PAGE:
Arevalo-Lara v. Sessions, III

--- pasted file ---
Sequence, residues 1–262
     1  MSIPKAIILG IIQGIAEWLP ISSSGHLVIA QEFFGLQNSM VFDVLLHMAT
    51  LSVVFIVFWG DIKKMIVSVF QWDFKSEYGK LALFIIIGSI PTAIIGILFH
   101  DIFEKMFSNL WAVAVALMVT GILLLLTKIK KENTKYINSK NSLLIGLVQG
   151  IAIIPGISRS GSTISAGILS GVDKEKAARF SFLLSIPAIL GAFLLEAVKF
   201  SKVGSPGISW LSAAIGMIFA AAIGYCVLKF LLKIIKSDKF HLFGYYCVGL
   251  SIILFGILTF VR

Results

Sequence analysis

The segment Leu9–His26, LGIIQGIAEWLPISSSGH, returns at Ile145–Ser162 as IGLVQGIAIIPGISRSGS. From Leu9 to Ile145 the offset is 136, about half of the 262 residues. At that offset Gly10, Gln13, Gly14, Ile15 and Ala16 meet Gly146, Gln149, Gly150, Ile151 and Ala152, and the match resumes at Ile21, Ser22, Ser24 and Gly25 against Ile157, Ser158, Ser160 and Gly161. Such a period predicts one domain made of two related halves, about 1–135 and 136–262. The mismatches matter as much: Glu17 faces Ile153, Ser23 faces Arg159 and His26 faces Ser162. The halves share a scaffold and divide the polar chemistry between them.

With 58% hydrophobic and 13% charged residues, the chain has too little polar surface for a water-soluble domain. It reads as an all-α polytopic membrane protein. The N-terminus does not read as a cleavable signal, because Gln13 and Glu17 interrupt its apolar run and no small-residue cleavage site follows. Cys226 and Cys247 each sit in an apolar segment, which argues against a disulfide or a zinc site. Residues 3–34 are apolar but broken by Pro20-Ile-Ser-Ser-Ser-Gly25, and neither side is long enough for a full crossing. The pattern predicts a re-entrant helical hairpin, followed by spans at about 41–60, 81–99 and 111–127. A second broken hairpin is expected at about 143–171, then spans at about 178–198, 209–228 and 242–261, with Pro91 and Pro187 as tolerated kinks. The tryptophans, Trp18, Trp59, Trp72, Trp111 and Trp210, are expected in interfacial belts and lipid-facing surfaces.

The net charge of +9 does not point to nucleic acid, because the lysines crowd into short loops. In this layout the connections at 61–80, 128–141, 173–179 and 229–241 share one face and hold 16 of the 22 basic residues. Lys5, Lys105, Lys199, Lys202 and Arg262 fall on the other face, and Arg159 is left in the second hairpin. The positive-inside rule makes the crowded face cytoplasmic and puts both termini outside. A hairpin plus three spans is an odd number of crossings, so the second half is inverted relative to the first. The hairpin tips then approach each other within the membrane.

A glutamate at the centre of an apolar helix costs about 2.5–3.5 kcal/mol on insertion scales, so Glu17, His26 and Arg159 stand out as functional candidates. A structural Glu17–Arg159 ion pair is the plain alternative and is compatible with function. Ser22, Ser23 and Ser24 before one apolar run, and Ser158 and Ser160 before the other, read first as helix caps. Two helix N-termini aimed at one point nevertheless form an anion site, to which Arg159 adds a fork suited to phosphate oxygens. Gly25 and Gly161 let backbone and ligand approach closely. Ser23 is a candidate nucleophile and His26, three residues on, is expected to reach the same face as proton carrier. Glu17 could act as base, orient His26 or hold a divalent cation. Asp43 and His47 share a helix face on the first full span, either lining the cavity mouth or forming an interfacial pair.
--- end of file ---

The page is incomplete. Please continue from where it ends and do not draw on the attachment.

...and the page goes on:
FILED United States Court of Appeals UNITED STATES COURT OF APPEALS Tenth Circuit FOR THE TENTH CIRCUIT May 4, 2018 _________________________________ Elisabeth A. Shumaker Clerk of Court ROSA AMELIA AREVALO-LARA, Petitioner, v. No. 17-9534 (Petition for Review) JEFFERSON B. SESSIONS, III, United States Attorney General, Respondent. _________________________________ ORDER AND JUDGMENT* _________________________________ Before BRISCOE, MATHESON, and EID, Circuit Judges. _________________________________ Petitioner Rosa Amelia Arevalo-Lara is a native and citizen of Guatemala who entered the United States illegally. She applied for asylum, restriction on removal,1 and * After examining the briefs and appellate record, this panel has determined unanimously to honor the parties’ request for a decision on the briefs without oral argument. See Fed. R. App. P. 34(f); 10th Cir. R. 34.1(G). The case is therefore submitted without oral argument. This order and judgment is not binding precedent, except under the doctrines of law of the case, res judicata, and collateral estoppel. It may be cited, however, for its persuasive value consistent with Fed. R. App. P. 32.1 and 10th Cir. R. 32.1. 1 Restriction on removal was referred to as “withholding of removal” before amendments made to the Immigration and Nationality Act made by the Illegal Immigration Reform and Immigrant Responsibility Act of 1996. Although the parties, the immigration judge, and the Board of Immigration Appeals refer to withholding of removal, because this claim was filed after 1996, we use the term “restriction on removal” throughout this Order and Judgment. relief under the Convention Against Torture (CAT). The immigration judge (IJ) found that Arevalo-Lara was not entitled to relief. The Board of Immigration Appeals (BIA) affirmed the IJ’s decision and dismissed Arevalo-Lara’s appeal. We agree with the BIA’s decision and deny the petition for review. I. BACKGROUND The IJ’s Decision Arevalo-Lara was placed in removal proceeding when she attempted to enter the United States without authorization in 2010. She conceded removability, but argued for asylum, restriction on removal, and relief under CAT. At her hearing in 2012, Arevalo-Lara maintained that she suffered past persecution and feared future persecution on account of her membership in a particular social group, which she defined as “Guatemalan women who are unable to leave their relationships or who are viewed as property by their domestic partners.” R. at 138. Based on Arevalo-Lara’s testimony at the hearing, the IJ made the following findings of fact:  She was 24 years-old and living in Guatemala City when she began living with a man 16 years older than her. They had one son together, but never married.  Shortly after she began living with the man, she noticed that he was engaged in illegal activity associated with his membership in a gang. She joined him in illegal activity when the man threatened to harm their son.  During this time, the man also forced her to engage in sexual relations with a variety of men. She bore a second son (father unknown) as a result of one of these encounters.  She left the man and lived elsewhere ...

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